Find out more about our most prized partners, Mac&Moore here.

IT'S TIME TO SUPPORT WOMEN ON THEIR WAY UP

“Lack of confidence”…

“Uncertain of my direction”…

“I’ve been lucky, it’s not down to my skills”…

Sound familiar? If you’re a girl or a woman, these feelings might resonate. The imposter syndrome – the feeling that we don’t belong at the decision-making table - is not a buzzword, it’s endemic. And even the most senior and talented women know this from experience. Dr. Pauline R. Clance and Dr. Suzanne A. Imes coined it in 1978 and countless women have reportedly experienced the phenomenon of self-perceived intellectual phoniness ever since. But imagine if we not only had to overcome these insecurities in a man’s world but be a woman of colour too?

I’ve been lucky enough to grow up in a world where I’m surrounded by fierce cheerleaders in family, friends and a supportive network of colleagues. I have had bountiful opportunities to thrive in my education, network-building and career. White privilege has also propped me up to provide me with even more opportunities than I will ever know. In theory, I have no reason to experience blips in self-confidence. But I live in an unequal world. The graded systems, the hierarchies and the patriarchal make-up have created deep-rooted fear in women to rise and believe in their skills, not luck.  

You Make It mentoring

You Make It mentoring

Unfortunately, the gap we see between genders for employment pay and opportunities is even larger when it comes to diversity – or lack thereof. The joke is that companies are missing a trick if they think that diversity and gender equality don’t matter. McKinsey & Co examined over 1,000 companies across 12 countries and found that firms in the top quartile for gender diversity are 21 per cent more likely to enjoy above-average profitability than companies in the bottom quartile. Companies in the top quartile for ethnic diversity, meanwhile, are 33 per cent more likely to see higher-than-average profits than companies in the lowest quartile. Sometimes we should listen to the experts.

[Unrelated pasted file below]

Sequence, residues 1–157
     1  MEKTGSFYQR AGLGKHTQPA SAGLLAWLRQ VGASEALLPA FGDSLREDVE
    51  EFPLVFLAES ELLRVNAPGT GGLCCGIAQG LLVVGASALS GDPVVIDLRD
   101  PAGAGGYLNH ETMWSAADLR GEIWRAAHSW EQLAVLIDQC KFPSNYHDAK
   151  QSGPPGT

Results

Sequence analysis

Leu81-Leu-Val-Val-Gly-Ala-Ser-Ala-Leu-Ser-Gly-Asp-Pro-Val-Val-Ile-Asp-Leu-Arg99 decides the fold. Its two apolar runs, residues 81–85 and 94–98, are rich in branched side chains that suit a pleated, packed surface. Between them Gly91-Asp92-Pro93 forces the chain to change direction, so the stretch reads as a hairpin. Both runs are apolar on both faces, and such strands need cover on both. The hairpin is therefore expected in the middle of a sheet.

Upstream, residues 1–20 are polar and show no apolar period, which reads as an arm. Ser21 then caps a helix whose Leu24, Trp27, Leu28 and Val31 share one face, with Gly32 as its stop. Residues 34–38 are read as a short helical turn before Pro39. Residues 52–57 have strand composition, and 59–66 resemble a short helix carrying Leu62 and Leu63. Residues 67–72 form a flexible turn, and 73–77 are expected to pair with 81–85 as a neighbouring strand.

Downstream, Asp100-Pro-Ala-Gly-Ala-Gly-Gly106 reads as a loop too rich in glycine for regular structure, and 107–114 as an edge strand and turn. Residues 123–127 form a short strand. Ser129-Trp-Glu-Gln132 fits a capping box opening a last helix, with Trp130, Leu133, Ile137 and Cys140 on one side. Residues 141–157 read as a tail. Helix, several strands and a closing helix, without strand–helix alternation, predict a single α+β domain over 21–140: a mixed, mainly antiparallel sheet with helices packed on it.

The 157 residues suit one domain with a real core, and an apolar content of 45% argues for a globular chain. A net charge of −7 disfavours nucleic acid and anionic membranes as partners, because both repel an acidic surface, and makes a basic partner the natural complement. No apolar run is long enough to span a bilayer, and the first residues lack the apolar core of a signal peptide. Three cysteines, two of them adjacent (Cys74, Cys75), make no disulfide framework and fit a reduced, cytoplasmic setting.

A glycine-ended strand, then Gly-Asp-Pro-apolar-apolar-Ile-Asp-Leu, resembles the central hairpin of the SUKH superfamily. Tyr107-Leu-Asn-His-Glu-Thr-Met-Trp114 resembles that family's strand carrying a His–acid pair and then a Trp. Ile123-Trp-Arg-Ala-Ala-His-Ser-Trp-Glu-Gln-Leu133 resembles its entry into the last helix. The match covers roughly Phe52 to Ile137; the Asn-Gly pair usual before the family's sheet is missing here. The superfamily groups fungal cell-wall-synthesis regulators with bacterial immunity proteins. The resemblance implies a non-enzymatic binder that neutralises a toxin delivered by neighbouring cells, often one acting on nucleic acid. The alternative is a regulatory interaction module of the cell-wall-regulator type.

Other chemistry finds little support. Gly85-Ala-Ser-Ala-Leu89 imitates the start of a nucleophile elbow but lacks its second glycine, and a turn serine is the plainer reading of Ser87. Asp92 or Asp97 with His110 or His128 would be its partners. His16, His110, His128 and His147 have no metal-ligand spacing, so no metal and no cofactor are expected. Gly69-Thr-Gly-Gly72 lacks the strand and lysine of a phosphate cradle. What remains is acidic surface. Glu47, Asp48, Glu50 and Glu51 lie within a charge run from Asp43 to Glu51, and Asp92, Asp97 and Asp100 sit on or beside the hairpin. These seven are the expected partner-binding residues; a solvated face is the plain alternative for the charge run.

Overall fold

In these difficult times, You Make It is an important scheme that not only provides a safe, nurturing space for unemployed young women, it enables them to tap into the power within themselves and realise their potential.
— Irenosen Okojie, You Make It Alumni
You Make It mentoring

You Make It mentoring

When I came across You Make It thanks to a fellow PR, Lucy Werner, it was clear that my insecurities pale in comparison with those of women coming through the door. You Make It offers a creative and inspiring programme for young, disadvantaged women of colour to access tools, networks, experiences and the confidence to transform their lives through personal empowerment. These women have very different backgrounds, often complex, of hardship and family breakdowns. But what unites them is their low self-esteem, little sense of worth and being part of a system that is unwittingly letting them fall through the cracks. Without that support network of cheerleaders and the gross opportunities, that I and many others have been given, why would these women have any fire in their bellies to prove themselves and the system wrong? Through the mentoring programme I have joined with fellow You Make It proponents, Mac&Moore, we aim to bang the drum for these women and support them on their way up. Because that’s the only direction they can go!

But the future of this brilliant scheme hangs in the balance. Funding cuts threaten You Make It from carrying on beyond the end of the year. With this in mind, I urge you to do two things – in this order!

1. Give generously to their crowdfunding campaign. Take a second to consider any privilege, luck and support you've had that’s put you here now, and help out someone who desperately needs their luck to change. Please share on your networks. The more people we reach, the more change we can make.